Thursday, November 18, 2010 | By: Jijah bt. Mohamad Suhai

14 Principles For Good Teaching.

Thomas Angelo (1993) identifies 14 principles for good teaching :
Use In Classroom
Students are actively engaged in learning
Students teach other students, collaborate, hands-on work, and are motivated by the teacher. 
Teacher focuses attention by making it clear what is to be learned and the priorities of subject elements.
Teacher tells students initially what they are going to learn and why it is important for them to know the material.
Teacher sets high, but realistic goals
Some of these goals are formulated from test data and your assessment of student knowledge. 
Teacher meaningfullly connects new information with prior knowledge
"Yesterday we learned about primary and secondary colors. Today we are going to use what we've learned by ______." 
Teacher helps students unlearn erroneous knowledge and bias
The teacher assesses the success of the lesson and then reteaches if necessary.
Teacher organizes subject content in meaningful ways that are personally and academically appropriate, and is aware of their own learning style (metacognition)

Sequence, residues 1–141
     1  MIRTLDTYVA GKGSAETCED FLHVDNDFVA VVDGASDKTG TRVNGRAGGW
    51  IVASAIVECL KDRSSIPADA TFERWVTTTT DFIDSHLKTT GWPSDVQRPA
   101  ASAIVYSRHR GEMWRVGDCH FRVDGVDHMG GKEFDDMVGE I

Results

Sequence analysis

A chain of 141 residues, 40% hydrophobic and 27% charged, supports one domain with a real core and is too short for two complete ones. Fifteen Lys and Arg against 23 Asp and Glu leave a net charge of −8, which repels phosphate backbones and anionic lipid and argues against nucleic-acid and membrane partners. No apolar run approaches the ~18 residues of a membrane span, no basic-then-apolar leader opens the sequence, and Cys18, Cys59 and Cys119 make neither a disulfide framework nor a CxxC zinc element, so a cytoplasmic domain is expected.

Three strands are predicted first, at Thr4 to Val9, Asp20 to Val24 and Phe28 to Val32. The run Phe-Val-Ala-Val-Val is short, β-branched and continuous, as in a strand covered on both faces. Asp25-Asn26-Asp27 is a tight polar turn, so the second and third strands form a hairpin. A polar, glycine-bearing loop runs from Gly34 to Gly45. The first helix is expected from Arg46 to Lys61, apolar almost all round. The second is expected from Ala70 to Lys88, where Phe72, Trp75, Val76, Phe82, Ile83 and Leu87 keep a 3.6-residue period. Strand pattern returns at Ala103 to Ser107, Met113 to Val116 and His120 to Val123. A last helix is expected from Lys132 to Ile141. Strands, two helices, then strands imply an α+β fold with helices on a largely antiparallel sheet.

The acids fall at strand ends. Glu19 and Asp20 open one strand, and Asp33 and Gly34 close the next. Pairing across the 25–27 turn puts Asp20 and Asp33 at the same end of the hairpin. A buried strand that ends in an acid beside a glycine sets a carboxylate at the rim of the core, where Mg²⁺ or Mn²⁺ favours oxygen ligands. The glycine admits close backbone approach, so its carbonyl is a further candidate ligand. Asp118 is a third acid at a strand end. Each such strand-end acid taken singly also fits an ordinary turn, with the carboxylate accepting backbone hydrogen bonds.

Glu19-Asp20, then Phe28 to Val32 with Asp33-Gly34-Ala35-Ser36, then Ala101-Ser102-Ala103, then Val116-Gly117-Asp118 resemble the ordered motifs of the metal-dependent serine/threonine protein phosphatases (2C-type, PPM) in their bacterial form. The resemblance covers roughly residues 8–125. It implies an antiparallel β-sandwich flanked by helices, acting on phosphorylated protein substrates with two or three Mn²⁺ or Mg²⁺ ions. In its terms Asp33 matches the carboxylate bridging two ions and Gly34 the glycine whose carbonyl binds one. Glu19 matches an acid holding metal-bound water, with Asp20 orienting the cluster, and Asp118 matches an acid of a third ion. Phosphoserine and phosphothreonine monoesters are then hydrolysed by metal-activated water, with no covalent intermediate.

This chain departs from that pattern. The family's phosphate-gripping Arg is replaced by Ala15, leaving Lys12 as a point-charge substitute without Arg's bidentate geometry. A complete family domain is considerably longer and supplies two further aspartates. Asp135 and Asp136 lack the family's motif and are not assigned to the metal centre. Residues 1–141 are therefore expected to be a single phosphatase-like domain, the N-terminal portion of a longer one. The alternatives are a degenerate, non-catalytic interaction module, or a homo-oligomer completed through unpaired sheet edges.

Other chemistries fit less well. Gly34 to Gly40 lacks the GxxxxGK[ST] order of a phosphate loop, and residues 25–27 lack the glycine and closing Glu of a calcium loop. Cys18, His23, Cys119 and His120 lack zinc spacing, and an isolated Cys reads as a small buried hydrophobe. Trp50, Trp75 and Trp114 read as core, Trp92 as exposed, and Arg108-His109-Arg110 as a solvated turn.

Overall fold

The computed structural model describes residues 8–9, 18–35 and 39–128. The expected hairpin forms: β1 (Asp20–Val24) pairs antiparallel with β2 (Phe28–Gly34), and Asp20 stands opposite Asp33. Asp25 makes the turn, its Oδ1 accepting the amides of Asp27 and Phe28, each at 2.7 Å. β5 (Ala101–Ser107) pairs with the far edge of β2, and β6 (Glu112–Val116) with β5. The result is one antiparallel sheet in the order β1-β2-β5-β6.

Sometimes the organization of subject matter changes dynamically as the teacher teaches. Each group of students is different. 
Teacher gives timely and specific feedback to students.
The teacher roams the room and looks over the student's shoulder to make sure they understand and then gives immediate feedback. Examination results are reviewed and retaught if needed.
Teacher knows in advance the standards to be used in assessment and evaluation, and the nature of that assessment.
The teacher hands out the rubric for the lesson ahead of time so students know exactly what constitutes an "A."
Teacher invests adequate time and quality with a focused effort.
The teacher plans for a longer lesson, and then shortens it by priorities if students need more time.
Teacher finds real-world applications in many contexts so that students transfer what they are learning.
"If you become an art director, you will need to have thorough knowledge of the elements of design."
Teacher perceives and adopts high expectations of achievement.
Let students know your expectations and ask them what they expect from the course.
Teacher balances instruction so that all learners are challenged.
Because novice learners need more time, give more challenging material to high achievers while you spend more time with remediation.
Teacher clearly perceives the value in what is to be learned.
Explain to students why it is important to know the material. The value of the material should also motivate both students and teacher.
Teacher interacts frequently with learners and other teachers.
Learn students' names, ask them all engaging questions, and collaborate with successful teachers.


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